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on 21 August 2013
I bought this book to give me a grounding in the subject in preparation for my UCAS application and it provides a brilliant detailed introduction (so not so short) in the subject and covering the evolution of our understanding of the solar system and the universe. In particular I found it interesting how much more work Kepler did towards this than the more famous Galileo. It's only shortcoming for me is that it stops when astrophysics emerges in the 19 century (I believe) and I would have like to have seen it go up to the present day.
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on 25 November 2015
This book is part of the OUP’s Very Short Introduction series of 100+ page books that can fit into your jacket pocket.
It is somewhat misleadingly titled as it’s not a “History of Astronomy” but a history of West Eurasian astronomy until about the mid-19th century when astrophysics began to develop. Chinese and Indian astronomy are ignored. We are told on page 10 that ever since the time of Eratosthenes “everyone with a modicum of education has known that the earth is spherical”. Everyone in Christendom and the Islamic world, perhaps, but when the Jesuits reached China they found that the consensus view amongst the highly educated elite was that the earth was flat. (Chinese astronomy produced a large mass of observational data but little useful theory).
After a brief review of what little we can know of what was known in prehistoric times there is a solid chapter on Babylonian and Greek astronomy. Here I feel the author is remiss not to mention Aristarchus as knowing that the geocentric theory was around for almost two millennia before it was widely accepted puts the reluctance of people to accept Copernicus’s resurrection of it into better perspective.
This is followed by another good chapter on medieval Islamic and Christian astronomy. (After this the author is on safer ground in ignoring non-Western astronomy as from the mid-1400s the history of Western astronomy is the history of astronomy).
Chapter 4, “Astronomy Transformed” covers Tycho, Kepler and Galileo. This leads on to a chapter on “Astronomy in the age of Newton” where Hooke receives generous treatment.
The final chapter takes us out of the Solar System and into the exploration of stars until the point where astrophysics takes off.
There follows a brief and appropriate epilogue on light which is, after all, what we see rather than the object itself.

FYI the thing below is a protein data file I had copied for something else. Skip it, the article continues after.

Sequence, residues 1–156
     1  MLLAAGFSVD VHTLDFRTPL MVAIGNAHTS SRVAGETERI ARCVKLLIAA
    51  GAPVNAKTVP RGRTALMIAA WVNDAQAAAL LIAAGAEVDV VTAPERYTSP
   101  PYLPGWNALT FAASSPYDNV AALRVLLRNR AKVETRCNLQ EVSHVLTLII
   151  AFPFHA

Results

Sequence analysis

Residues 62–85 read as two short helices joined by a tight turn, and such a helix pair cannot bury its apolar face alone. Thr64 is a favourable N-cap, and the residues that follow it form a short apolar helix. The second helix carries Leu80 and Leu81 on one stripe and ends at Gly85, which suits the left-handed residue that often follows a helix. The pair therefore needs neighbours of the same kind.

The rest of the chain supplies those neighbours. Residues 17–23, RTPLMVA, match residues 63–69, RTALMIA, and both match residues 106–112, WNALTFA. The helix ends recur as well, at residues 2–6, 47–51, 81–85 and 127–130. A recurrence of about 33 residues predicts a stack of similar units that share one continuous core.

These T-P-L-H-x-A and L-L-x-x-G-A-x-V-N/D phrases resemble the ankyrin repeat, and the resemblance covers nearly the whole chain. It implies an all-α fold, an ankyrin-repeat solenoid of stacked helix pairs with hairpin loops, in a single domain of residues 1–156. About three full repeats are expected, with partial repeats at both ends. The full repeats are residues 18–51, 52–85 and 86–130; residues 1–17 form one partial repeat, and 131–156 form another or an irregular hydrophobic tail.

The book is well written and I would recommend it to the general reader. I noticed only one factual error, a small one. On page 72 we are told that John Harrison sailed to Barbados in 1764. In fact it was his son William who undertook the trip on behalf of his elderly father. However I am no expert and there may be other errors of which I am unaware.
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on 20 May 2014
In this work, Hoskin focus largely on a sequence of individuals, mostly from the latter parts of the Middle Ages through the Renaissance and on into the Scientific Revolution. Before that, though, there is an obligatory look at the early history of astronomy, not least looking at the work of Aristotle and Ptolemy, though even this preceded by "astronomy in prehistory".

In telling the story of astronomy in antiquity, our focus is largely on the planets, having been considered as stars that behaved in a peculiar way (hence the term 'planet' - meaning, wanderer). The puzzle, as seen from a modern perspective, is that of why the planets which are further out from the sun than earth appear to have retrograde motion. The history that then follows is the history of the ideas put forward by means of explanation as well as a little history of the people behind their ideas. As might be expected, we come across figures such as Tycho Brahe, Nicolas Copernicus, Galileo Galilei, Johannes Kepler and Isaac Newton.

In telling this history, the book's strongest point is in showing the detail behind the basic outline that most science students know. Our modern model of planets in elliptical orbits around the sun did not come about by a sudden eureka moment, but by a series of gradual shifts in thought.

The book ends in the early 19th century. Hoskin considers that at this point astronomy ceased to become a subject in its own right and became subsumed within physics and chemistry. So readers hoping for a history that included modern astronomy may well be disappointed. If that is the case, then I recommend following up with Peter Coles' Cosmology VSI. For while it is interesting enough, there was nothing that grabbed me by the lapels to make me remember it.

In the other editions in the VSI series I've read, they have come with great lists of references and further reading. Here, though, we have little more than repeated references to Hoskin's own work, which rather gives the impression that, though he is a subject matter expert, he hasn't written this a standalone book, but rather that it is a concise summary of his earlier work.
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on 24 August 2013
This is not an introduction to The History of Astronomy, but just snippets that show the author's bias. So Arabic astronomy is not mentioned, whereas pages are devoted to tombs in Portugal that point roughly eastwards - very odd! Some descriptions are poor or skipped altogether. Personally, I found it quite a frustrating book to read.
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